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Case ReportOpen Access

Difficult Extraction of Post-Endodontic ally Treated Upper Second Molar : A Case Report Volume 1 - Issue 6

Zubair Ahmed and Ashvini Kishor Vadane*

  • Oral and Maxillofacial Surgery, MA Rangoonwala dental college, India

Received: October 26, 2017;   Published: November 01, 2017

Corresponding author: Ashvini Kishor Vadane, Oral and Maxillofacial Surgery MA Rangoonwala dental college, Pune, India

DOI: 10.26717/BJSTR.2017.01.000485

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Abstract

The ideal tooth extraction is “the painless removal of the whole tooths, or roots, with minimal trauma to the investing tissues, so that the wound heals uneventfully & no post-operative prosthetic problem is created. The present article reports a case of difficult extraction in 39 years female. The aim of the article is to report a case of difficult extraction of post-endodontic ally treated upper second molar.

Case Report

A 39 years female patient was complaining of pain in the upper left back teeth region of jaw since 8 days. The patient was under root canal treatment with upper left second molar (Figures 1,2) and was complaining of pain with the same tooth [1]. On radiographic examination, it revealed that there is extended endodontic file in the molar’s mesial canal, which was extended beyond the root. This tooth had poor prognosis as well as patient was not ready to continue the root canal treatment due to pain, hence we decided to perform extraction of it. This extraction was challenging as there were more chances of breakage of endodontic file but we did it successfully. Maxillary cow-horn forceps was used for extraction. Tooth was extracted with minimal trauma and without breakage of endodontic file [2-6].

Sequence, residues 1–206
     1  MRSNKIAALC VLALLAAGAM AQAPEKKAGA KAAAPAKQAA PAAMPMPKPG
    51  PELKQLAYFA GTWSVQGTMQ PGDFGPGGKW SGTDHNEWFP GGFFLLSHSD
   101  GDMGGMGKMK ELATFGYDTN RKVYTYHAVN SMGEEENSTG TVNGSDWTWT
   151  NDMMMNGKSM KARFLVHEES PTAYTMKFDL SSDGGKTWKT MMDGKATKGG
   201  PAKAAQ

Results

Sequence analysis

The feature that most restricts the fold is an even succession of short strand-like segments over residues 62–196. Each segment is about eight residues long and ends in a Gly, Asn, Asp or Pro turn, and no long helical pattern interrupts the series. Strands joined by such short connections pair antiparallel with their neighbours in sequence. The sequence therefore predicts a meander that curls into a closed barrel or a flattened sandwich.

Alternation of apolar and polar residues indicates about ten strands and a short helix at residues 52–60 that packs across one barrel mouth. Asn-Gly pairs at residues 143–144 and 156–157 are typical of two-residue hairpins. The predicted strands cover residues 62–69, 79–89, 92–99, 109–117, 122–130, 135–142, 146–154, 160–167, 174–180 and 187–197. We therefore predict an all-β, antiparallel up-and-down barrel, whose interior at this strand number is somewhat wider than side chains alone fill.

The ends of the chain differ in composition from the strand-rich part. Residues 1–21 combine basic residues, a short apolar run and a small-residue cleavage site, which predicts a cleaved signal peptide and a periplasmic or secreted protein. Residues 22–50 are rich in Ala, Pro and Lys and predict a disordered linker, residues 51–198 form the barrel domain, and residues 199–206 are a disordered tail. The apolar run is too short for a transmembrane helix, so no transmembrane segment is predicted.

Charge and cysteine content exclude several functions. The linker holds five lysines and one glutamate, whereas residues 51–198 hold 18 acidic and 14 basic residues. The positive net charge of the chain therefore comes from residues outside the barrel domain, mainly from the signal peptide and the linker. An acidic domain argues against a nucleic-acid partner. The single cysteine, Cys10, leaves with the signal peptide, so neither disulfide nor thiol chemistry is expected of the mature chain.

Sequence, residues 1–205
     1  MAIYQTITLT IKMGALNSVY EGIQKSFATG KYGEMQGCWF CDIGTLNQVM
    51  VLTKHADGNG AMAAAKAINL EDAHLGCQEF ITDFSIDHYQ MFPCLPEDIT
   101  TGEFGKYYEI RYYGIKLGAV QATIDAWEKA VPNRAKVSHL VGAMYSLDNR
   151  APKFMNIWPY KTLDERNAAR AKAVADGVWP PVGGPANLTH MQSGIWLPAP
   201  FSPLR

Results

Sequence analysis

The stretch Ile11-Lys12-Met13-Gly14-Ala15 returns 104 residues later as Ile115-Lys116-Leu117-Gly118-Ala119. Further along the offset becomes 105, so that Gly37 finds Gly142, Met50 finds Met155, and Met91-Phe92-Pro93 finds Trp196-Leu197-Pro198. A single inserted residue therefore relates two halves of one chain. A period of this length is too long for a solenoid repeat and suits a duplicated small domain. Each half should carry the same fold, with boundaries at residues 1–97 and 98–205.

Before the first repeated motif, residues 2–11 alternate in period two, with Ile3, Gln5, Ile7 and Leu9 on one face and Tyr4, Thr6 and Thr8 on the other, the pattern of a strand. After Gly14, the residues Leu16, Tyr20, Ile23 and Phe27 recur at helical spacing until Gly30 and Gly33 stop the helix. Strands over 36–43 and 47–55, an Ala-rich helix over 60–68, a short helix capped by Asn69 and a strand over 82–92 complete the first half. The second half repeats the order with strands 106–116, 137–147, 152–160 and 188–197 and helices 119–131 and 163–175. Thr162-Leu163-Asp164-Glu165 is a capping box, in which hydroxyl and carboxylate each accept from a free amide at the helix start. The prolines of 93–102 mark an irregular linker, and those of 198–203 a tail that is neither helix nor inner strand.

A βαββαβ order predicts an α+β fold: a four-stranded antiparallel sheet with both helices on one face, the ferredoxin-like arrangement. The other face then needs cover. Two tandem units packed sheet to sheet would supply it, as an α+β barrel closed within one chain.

Figure 1: IOPA of left upper second molar.

Figure 2: Extracted upper left second molar.

Discussion

The ideal tooth extraction is “the painless removal of the whole tooths, or roots, with minimal trauma to the investing tissues, so that the wound heals uneventfully & no post-operative prosthetic problem is created.

Tooth extraction should be considered as a last option. Permanent teeth are extracted for various reasons such as dental caries, orthodontic reasons, periodontal disease, impacted teeth, failed dental treatments, pre-prosthetic considerations etc. [7]. Criterias which are taken into consideration before any extraction are tooth mobility, prosthetic planning ,severity of attachment loss, furcation involvement , endodontic-periodontal lesion, radiographic bone loss ( more than 50 % ) , grossly carious teeth [8].

Endodontic ally treated teeth are prone to extraction mainly due to non- restorable caries, endodontic failure, iatrogenic perforation, vertical root fractures [9]. Any endodontic treatment is been evaluated at several levels which starts at the success of treatment in preventing periapical lesions [10]. The complications which come across while performing extraction are tooth fracture, fracture of cortical plates, alveolar osteitis, trismus, postoperative pain, haemorrhage, wound dehiscence. Rare complications are luxation of adjacent teeth, maxillary tuberosity fracture, and displacement of tooth into adjacent tissue spaces [11]. Fcortical plates are fractured while doing extraction, it can lead to ridge narrowing and this may interfere with closure of extraction space [12]. The case mentioned in the article is a difficult case of extraction. But we performed it successfully and with fewer traumas to surrounding tissue.

References

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